Wednesday, February 10, 2021

Another Reason I Love Old Cookbooks

Oh, I do love me some old cookbooks. As in used cookbooks. As in well-used cookbooks. You know the type. The ones that open naturally to certain pages, because those were the favorite recipes. The ones that have stains and spatters on them.

Often, old cookbooks have special gifts inside: extra recipes! Sometimes, clipped out of newspapers and magazines. Sometimes, they’re handwritten—either on the pages, or on a separate sheet and stuck within the leaves of the book. Sometimes, they’re even typed.

This cookbook came from an acquaintance of mine—an elderly friend and work associate who, after her husband passed away, gave up independent living and had to downsize. They loved books! She was closer friends with my dad, and she offered this cookbook to him, and he gave it to me.

Did you know I didn’t yet have a copy of The Joy of Cooking? Anyway, I have one now—it’s the 1962 edition. Full of good information.

Anyway, here’s the part I wanted to share with you: It seems that, at some point, my friend and her husband were planning a party—probably more, but at least one—and she tucked candidate recipes into a nice little envelope labeled, logically enough, “Party.” What a surprise! I thought, “Oh, boy, I wonder what’s in here!”

Inside, she kept a trove of snacky-type recipes: a shrimp-and-dressing preparation, a cheese log with California walnuts, cheese and mushroom canapés, ham and cheese roll-ups, drunken meatballs (they’re simmered in a mixture of ketchup and beer; I can just hear her chuckling; the idea must’ve tickled her), shrimp and crab Louis, seviche, and a special pastry crust, for use in quiches, that has Parmesan, cayenne, and dry mustard in it. She'd clipped that one out of the paper using pinking shears.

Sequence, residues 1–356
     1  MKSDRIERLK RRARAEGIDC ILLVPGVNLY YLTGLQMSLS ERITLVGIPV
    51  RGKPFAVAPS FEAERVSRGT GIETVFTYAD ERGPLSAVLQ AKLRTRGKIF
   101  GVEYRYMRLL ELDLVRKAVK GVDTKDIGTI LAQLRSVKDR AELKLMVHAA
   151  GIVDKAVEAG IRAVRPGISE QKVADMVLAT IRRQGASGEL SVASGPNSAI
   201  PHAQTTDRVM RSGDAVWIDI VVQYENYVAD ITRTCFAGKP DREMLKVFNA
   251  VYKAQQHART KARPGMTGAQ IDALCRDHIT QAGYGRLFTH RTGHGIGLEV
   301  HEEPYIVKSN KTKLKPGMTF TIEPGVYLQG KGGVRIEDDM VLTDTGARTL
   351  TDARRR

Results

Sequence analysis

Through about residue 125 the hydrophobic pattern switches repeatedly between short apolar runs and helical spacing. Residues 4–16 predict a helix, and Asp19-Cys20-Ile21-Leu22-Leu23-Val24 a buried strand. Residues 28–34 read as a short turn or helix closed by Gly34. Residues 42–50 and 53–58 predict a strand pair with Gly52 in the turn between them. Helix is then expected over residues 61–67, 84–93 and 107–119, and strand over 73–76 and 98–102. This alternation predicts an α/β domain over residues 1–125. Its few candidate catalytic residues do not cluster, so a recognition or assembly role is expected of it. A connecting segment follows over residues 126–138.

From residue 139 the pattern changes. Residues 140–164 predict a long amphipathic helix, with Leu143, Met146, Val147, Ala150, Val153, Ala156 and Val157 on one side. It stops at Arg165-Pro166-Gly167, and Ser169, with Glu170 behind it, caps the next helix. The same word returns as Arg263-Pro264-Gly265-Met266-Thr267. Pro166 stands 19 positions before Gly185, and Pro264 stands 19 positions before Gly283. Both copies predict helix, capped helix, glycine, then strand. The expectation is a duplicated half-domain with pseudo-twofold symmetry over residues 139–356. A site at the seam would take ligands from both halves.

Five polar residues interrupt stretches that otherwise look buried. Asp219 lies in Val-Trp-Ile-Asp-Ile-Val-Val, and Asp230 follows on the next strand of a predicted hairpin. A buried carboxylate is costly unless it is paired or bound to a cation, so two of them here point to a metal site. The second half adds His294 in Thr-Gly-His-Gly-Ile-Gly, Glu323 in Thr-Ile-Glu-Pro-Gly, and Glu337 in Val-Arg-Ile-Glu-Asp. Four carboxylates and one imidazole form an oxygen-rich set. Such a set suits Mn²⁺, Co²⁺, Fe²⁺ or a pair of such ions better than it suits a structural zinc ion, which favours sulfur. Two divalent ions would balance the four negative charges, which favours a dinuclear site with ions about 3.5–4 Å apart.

And finally, the best one of all: a recipe for paté: PATE.

She typed it out herself; but then, apparently after she’d made the recipe, she added the final note. Anyone who’s used an actual typewriter can appreciate how the type wavers drunkenly at the bottom of a slip of paper when you get too far down, as the paper slides around, no longer held by the roller. This adds to the hilarity.

Here it is. Read and enjoy.

Then, um, reread the first line.

Then, reread the comment at the bottom. And reread it again:

“This makes much more than anybody would ever want. I make half.”

Of course, you know what happened: she made the recipe as specified—once—and after the party, she and her husband were left with a pound and a half of liverwurst spread they felt they ought to eat, but probably ended up throwing out. (Ew, just the thought: spoiled liverwurst!) . . . Thus, the addendum at the bottom of the recipe. So deadpan: Much more than anybody would ever want.

No, I’m never going to make this recipe—I have better recipes for braunschweiger balls. (But Aunt Becky, where did you get this recipe, and why does it make so much?!)

But if I did make it, I would indeed halve the recipe!